Mlodinow; Subliminal 176 Feelings 12
Mlodinow; Subliminal 180 William James was born in New York City in 1842 to an extremely wealthy man. 4
Mlodinow; Subliminal 180 William James's interests flitted    from subject to subject, landing for a while on art,    chemistry,    the military,    anatomy,    and medicine. 0
Mlodinow; Subliminal 180 Medicine was the only course of study William James completed,    receiving an MD degree from Harvard in 1869, at age 27. 0
Mlodinow; Subliminal 181 After graduating from Harvard,    William James became deeply depressed.    His diary from that time reveals little but misery and self-loathing. 1
Mlodinow; Subliminal 181 William James suffered from chronic depression for the rest of his life. 0
Mlodinow; Subliminal 196 Self 15
Mlodinow; Subliminal 199 Our self image    and the more objective image that others have of us    are not quite in sync. 3
Mlodinow; Subliminal 199 By the time we are to calm him most of us have a sense of ourselves as social agents. 0
Mlodinow; Subliminal 199 Around the time we shed diapers, we begin to actively engage with adults to construct visions of our own past experiences. 0
Mlodinow; Subliminal 199 People's behavior    is motivated by    their desires and beliefs. 0
Mlodinow; Subliminal 200 Our ego    fights fiercely    to defend its honor. 1
Mlodinow; Subliminal 200 Normal and healthy individuals think of themselves as not just competent but proficient, even if they aren't. 0
Mlodinow; Subliminal 200 There are two ways to get at the truth --    the way of the scientists    and the way of the lawyer. 0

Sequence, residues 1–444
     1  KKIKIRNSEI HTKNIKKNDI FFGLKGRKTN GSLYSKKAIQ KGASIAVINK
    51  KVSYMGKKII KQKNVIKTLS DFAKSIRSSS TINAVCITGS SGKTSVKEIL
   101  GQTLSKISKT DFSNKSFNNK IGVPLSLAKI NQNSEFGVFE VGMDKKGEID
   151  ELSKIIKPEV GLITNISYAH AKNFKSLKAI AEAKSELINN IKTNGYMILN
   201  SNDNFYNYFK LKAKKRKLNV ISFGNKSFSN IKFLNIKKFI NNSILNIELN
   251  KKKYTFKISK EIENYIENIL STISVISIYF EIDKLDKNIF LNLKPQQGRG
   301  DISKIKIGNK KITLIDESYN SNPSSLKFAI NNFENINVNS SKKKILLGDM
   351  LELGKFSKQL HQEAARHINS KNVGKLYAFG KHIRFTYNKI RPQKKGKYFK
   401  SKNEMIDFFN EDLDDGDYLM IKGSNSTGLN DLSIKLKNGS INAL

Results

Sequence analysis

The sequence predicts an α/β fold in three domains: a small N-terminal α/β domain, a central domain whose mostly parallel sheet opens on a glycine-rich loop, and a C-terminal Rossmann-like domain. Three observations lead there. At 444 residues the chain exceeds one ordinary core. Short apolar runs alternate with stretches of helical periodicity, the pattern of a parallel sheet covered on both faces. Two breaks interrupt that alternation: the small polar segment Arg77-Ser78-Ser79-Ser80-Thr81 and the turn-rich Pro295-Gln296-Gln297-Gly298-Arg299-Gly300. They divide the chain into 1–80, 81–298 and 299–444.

Mlodinow; Subliminal 200 Scientists    gather evidence,    look for regularities,    form theories explaining their observation,   and test them. 0
Mlodinow; Subliminal 200 Attorneys     begin with a conclusion    they want to convince others of    and then seek evidence to support it,    while also attempting to discredit evidence that doesn't. 0
Mlodinow; Subliminal 200 The human mind    is designed to be both a scientist and an attorney,    both a conscious seeker of objective truth    and an unconscious, impassioned advocate for what we want to believe. 0
Mlodinow; Subliminal 200 Together these "scientist" and "lawyer" approaches vie to create our worldview. 0
Mlodinow; Subliminal 200 Believing in what you desire to be true    and then seeking evidence to justify it    doesn't seem to be the best approach in everyday decisions. 0
Mlodinow; Subliminal 201 Often it is the irrational choice that would probably make you happier,    and the mind generally seems to opt for happy. 1
Mlodinow; Subliminal 201 The "causal arrow" in human thought processes    consistently tends to point from belief to evidence,    not vice versa. 0
Mlodinow; Subliminal 201 The brain is a decent scientist but an absolutely outstanding lawyer. 0
Mlodinow; Subliminal 201 In the struggle to fashion a coherent, convincing view of ourselves and the rest of the world, it is the impassioned advocate that usually wins over the truth seeker. 0